Euchromatin

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The nucleus of a human cell showing the location of euchromatin

Euchromatin is a lightly packed form of chromatin (DNA, RNA and protein) that is rich in gene concentration, and is often (but not always) under active transcription. Euchromatin comprises the most active portion of the genome within the cell nucleus. 92% of the human genome is euchromatic.[1]

Structure[edit]

The structure of euchromatin is reminiscent of an unfolded set of beads along a string, wherein those beads represent nucleosomes. Nucleosomes consist of eight proteins known as histones, with approximately 147 base pairs of DNA wound around them; in euchromatin, this wrapping is loose so that the raw DNA may be accessed. Each core histone possesses a `tail' structure, which can vary in several ways; it is thought that these variations act as "master control switches," which determine the overall arrangement of the chromatin. In particular, it is believed that the presence of methylated lysine 4 on the histone tails acts as a general marker for euchromatin.

Appearance[edit]

In general, euchromatin appears as light-colored bands when stained in G banding and observed under an optical microscope, in contrast to heterochromatin, which stains darkly. This lighter staining is due to the less compact structure of euchromatin. The basic structure of euchromatin is an elongated, open, 10 nm microfibril, as noted by electron microscopy. In prokaryotes, euchromatin is the only form of chromatin present; this indicates that the heterochromatin structure evolved later along with the nucleus, possibly as a mechanism to handle increasing genome size.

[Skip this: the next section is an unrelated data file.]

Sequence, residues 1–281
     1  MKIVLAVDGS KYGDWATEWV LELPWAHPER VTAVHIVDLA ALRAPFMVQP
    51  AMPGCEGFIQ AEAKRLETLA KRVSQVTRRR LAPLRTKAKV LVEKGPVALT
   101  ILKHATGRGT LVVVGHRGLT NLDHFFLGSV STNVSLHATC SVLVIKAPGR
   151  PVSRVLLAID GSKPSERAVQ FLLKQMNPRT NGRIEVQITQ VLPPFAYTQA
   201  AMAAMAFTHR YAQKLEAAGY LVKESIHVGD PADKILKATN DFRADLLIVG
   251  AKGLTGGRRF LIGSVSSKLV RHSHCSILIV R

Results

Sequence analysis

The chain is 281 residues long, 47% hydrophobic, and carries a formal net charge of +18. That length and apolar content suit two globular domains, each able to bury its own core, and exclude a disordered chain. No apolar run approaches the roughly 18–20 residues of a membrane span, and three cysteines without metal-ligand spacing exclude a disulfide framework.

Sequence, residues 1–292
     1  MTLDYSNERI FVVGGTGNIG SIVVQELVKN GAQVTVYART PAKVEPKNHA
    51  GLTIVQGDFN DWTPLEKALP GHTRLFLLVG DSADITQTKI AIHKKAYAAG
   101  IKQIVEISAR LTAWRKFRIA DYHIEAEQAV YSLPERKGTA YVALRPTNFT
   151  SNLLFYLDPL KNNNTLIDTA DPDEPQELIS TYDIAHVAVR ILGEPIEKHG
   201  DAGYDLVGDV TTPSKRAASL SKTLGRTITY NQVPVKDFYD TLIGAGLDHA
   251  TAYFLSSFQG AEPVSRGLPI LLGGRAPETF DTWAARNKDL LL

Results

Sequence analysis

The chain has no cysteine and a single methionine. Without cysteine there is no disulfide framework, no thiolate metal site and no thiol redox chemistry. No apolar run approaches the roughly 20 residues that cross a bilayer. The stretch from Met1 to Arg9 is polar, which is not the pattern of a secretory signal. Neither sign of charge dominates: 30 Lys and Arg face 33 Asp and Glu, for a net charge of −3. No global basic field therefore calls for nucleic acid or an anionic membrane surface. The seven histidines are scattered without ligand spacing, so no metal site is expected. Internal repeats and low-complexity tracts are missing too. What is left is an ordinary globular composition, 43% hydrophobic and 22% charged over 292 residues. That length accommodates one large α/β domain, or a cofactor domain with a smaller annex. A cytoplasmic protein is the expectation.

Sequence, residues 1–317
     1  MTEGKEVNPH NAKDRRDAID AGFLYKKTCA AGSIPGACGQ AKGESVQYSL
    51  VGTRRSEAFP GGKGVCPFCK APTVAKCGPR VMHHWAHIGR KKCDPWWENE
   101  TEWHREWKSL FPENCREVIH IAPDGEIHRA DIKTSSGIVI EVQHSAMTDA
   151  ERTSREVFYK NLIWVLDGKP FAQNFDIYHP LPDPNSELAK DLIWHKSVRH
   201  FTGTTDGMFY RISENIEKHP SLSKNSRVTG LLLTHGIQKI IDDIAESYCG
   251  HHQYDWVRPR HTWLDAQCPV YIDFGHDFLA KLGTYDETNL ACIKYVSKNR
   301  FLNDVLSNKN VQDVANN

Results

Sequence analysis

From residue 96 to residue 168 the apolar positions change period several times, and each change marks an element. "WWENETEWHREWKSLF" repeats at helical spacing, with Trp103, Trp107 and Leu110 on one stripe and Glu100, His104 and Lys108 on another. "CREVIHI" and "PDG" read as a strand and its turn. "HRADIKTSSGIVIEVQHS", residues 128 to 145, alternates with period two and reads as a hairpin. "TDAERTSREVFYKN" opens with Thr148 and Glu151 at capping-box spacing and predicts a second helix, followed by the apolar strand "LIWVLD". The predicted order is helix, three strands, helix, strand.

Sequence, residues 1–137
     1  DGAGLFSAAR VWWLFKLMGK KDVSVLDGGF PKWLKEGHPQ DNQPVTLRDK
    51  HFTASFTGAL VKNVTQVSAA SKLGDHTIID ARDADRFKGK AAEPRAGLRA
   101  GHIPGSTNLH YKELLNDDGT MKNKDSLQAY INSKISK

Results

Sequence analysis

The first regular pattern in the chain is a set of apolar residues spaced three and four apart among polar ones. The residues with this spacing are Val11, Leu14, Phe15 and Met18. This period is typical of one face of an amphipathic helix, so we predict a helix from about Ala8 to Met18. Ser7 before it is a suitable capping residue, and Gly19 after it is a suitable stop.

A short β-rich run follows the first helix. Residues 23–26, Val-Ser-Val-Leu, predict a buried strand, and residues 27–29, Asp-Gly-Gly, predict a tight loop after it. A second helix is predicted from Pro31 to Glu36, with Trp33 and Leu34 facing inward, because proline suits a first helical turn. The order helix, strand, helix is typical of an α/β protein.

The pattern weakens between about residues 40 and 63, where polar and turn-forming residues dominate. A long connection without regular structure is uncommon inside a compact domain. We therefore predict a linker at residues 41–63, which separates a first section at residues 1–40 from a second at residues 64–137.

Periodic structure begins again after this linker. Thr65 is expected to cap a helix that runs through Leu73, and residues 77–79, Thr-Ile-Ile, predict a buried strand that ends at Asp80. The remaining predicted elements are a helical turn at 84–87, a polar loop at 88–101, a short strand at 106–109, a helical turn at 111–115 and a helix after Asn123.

Function[edit]

Euchromatin participates in the active transcription of DNA to mRNA products. The unfolded structure allows gene regulatory proteins and RNA polymerase complexes to bind to the DNA sequence, which can then initiate the transcription process. Not all euchromatin is necessarily transcribed, but in general that which is not is transformed into heterochromatin to protect the genes while they are not in use. There is therefore a direct link to how actively productive a cell is and the amount of euchromatin that can be found in its nucleus. It is thought that the cell uses transformation from euchromatin into heterochromatin as a method of controlling gene expression and replication, since such processes behave differently on densely compacted chromatin, known as the `accessibility hypothesis'. One example of constitutive euchromatin that is 'always turned on' is housekeeping genes, which code for the proteins needed for basic functions of cell survival.

References[edit]

  1. ^ "Finishing the euchromatic sequence of the human genome". Nature 431 (7011): 931–45. 21 October 2004. doi:10.1038/nature03001. PMID 15496913. 

External links[edit]